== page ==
Since the end of the Cold War, NATO has defined itself through its military response to “out-of-area” conflicts, first in Bosnia, then in Kosovo, and now in Afghanistan. Every military action since 1995 has been more difficult than the previous one, and each time elites argued that the credibility of the alliance was at stake. Just as in the case of the Balkans in the 1990s, many argue that the credibility of the alliance rests on the success of the mission in Afghanistan. This fear for NATO’s reputation sidesteps the central question: What is NATO’s purpose? The development of a new strategic concept offers NATO the opportunity to determine in principle when, where, how, and why it needs to act rather than simply responding in an ad hoc manner as new problems arise that its leaders determine require alliance action. While there will inevitably be new challenges to alliance members that require a novel response (who, after all, would have predicted the growing need to combat piracy?), the alliance has the opportunity in 2010 to provide the public with a rationale for why and how the countries of North America and Europe should respond collectively to the range of threats that face them. In 1949, everyone understood that “an armed attack” as described in Article V of the Washington Treaty meant a Soviet land offensive in Europe. The threat was clear, and solidarity was essential. If Soviet forces swept across Germany, citizens of the Netherlands and Belgium knew they would be next. Soviet domination of the continent in turn would directly affect North America’s vital interests. It was easy to believe that, as Article V declared, “an armed attack on one or more [alliance members] in Europe or North America [would be] considered an attack against them all.” That sense of solidarity is difficult, if not impossible, to re-create today. Although a number of eastern European nations developed an increasing sense of insecurity after the 2008 Russia-Georgia war,

NATO’s Purpose: Collective Defense in the Twenty-first Century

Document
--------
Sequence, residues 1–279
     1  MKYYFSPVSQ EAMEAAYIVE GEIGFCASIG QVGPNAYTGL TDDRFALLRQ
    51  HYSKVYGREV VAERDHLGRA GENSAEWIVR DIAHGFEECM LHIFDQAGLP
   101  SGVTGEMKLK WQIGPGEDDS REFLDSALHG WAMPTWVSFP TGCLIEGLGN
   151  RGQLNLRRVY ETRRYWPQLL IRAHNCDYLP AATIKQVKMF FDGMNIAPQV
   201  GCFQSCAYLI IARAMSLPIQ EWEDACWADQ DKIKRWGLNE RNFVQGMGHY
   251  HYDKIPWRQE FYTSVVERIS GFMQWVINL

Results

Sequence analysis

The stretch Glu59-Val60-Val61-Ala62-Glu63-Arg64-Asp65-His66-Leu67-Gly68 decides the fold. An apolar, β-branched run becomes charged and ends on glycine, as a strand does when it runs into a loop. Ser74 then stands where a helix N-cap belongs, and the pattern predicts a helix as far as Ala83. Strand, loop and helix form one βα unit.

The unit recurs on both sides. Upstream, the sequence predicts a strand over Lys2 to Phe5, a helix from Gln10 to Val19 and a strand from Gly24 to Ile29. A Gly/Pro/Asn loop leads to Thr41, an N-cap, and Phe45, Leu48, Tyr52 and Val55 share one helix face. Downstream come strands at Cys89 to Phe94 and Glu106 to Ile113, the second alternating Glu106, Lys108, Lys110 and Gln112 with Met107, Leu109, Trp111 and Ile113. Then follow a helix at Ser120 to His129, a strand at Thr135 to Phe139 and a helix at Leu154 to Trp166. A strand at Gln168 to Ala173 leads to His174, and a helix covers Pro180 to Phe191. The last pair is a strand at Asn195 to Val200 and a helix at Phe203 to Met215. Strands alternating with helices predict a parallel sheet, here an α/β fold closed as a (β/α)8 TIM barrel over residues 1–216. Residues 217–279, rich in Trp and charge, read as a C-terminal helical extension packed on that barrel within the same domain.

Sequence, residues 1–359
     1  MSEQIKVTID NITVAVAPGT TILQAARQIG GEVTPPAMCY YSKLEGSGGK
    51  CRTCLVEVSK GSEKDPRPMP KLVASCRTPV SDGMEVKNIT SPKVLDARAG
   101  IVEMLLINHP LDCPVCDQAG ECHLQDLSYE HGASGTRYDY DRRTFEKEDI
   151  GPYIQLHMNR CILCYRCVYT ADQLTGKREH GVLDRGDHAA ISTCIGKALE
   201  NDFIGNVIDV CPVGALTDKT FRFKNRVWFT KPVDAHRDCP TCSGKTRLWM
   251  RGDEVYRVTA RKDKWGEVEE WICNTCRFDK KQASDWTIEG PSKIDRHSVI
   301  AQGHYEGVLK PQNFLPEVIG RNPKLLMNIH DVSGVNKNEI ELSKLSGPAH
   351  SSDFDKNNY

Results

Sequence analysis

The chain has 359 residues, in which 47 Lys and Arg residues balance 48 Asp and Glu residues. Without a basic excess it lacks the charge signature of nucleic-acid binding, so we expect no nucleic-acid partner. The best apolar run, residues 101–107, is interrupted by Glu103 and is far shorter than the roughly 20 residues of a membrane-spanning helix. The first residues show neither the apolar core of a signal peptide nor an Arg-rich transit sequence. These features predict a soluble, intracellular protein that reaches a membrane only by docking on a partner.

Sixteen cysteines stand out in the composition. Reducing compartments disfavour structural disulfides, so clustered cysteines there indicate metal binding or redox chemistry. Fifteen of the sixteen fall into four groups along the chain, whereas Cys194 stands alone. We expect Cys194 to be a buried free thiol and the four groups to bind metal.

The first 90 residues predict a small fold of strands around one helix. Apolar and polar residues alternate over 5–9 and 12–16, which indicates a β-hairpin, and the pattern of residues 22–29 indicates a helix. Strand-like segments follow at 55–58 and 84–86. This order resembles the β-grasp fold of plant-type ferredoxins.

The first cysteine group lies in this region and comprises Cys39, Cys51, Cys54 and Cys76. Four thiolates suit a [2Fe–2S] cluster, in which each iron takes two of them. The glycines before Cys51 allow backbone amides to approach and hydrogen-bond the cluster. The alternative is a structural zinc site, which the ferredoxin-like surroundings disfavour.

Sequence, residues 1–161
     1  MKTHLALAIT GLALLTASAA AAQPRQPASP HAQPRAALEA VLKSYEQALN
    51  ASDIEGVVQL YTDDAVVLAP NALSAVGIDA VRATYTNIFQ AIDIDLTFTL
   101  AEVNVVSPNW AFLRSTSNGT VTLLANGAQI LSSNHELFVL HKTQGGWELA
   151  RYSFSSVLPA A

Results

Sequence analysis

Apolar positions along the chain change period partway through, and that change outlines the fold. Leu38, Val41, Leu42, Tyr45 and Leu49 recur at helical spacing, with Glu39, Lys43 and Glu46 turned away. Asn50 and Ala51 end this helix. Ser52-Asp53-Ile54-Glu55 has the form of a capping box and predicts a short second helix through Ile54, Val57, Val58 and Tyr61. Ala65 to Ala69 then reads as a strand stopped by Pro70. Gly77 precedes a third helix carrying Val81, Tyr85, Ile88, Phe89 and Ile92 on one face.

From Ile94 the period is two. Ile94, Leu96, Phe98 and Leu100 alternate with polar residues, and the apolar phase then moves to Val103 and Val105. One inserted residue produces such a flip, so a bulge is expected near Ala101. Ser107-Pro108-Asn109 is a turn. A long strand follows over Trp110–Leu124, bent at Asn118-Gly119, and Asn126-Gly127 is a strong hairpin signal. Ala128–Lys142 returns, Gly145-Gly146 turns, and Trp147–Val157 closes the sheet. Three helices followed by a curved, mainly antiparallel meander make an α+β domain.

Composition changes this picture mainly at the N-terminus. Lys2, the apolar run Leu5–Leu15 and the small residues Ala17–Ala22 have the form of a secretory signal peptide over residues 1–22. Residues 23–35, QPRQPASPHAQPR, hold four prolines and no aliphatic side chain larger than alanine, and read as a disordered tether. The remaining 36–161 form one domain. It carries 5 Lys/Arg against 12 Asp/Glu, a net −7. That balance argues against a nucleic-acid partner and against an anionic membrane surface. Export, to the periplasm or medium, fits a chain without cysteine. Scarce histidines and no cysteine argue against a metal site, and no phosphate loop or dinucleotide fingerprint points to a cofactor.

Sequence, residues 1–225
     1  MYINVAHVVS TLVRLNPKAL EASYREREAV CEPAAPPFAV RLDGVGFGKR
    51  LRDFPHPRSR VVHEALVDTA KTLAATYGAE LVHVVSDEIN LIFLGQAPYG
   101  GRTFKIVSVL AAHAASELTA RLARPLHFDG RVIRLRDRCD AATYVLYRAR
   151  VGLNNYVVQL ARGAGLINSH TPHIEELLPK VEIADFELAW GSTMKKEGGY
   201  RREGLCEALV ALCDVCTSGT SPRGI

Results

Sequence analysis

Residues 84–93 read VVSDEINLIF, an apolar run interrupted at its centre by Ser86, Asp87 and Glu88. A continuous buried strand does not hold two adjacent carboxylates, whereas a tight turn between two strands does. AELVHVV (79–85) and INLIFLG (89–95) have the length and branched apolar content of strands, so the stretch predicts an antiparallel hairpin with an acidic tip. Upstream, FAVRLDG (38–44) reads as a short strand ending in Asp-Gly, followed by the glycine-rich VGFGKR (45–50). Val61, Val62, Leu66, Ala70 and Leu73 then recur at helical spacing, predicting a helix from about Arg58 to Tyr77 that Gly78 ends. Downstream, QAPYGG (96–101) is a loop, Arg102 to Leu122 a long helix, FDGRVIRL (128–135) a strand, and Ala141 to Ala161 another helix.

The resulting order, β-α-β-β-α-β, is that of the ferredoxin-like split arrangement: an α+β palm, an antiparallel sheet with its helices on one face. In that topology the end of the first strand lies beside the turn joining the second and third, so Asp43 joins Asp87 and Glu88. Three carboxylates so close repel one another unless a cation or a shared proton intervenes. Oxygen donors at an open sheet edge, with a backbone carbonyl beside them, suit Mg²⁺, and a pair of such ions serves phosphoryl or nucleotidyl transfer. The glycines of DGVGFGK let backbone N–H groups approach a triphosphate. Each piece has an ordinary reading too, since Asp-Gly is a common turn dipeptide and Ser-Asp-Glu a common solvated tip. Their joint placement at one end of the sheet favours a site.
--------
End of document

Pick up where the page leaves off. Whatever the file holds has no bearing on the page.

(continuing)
citizens in France and Portugal do not lie awake at night fearing a resurgent Red Army. The likeliest threats to NATO members are the kinds of terrorist attacks that occurred in the United States in 2001, Istanbul in 2003, Madrid in 2004, and London in 2005. Today one hears NATO representatives talk about the need to balance Article V with the need for NATO to act as an “expeditionary alliance” (a term introduced by President George W. Bush at the 2008 Bucharest summit). But the prospect of attacks against its citizens by terrorists operating from bases in places like Afghanistan and Pakistan can pose an Article V threat, as NATO members intuitively understood immediately after the 9/11 attacks, even if many have lost that sense of purpose since. Acting as an expeditionary alliance is not secondary to Article V; in certain cases today, it is the essence of Article V. A more difficult challenge both conceptually and practically is to articulate NATO’s role in the face of nonmilitary and even nonviolent threats that can devastate a society. Russia, for example, is less likely to launch a military assault against a NATO member than it is to engage in other types of intimidation. Cyberattacks against Estonia in 2007, originating from Russian territory, were the face of a new type of warfare, and past Russian cutoffs of gas supplies that run through Ukraine have left populations in NATO countries such as Romania and Bulgaria freezing in the dark. Are cyberattacks or energy cutoffs Article V threats? By definition they are not “armed attacks.” But if the alliance is to mean anything, NATO has to band together in the face of assaults that threaten a member state. In these nonmilitary instances, NATO can invoke Article IV, which reads, “The Parties will consult together whenever, in the opinion of any of them, the territorial integrity, political independence or security of any of the Parties is threatened.” The important point is not whether a threat is better viewed as falling under Article IV or Article V; what is important is an alliance commitment that a threat to one member will be met collectively. In the strategic concept, NATO members should affirm that any action initiated by an external state or nonstate actor that threatens the political and economic security or territorial integrity of a NATO member will engender a collective response.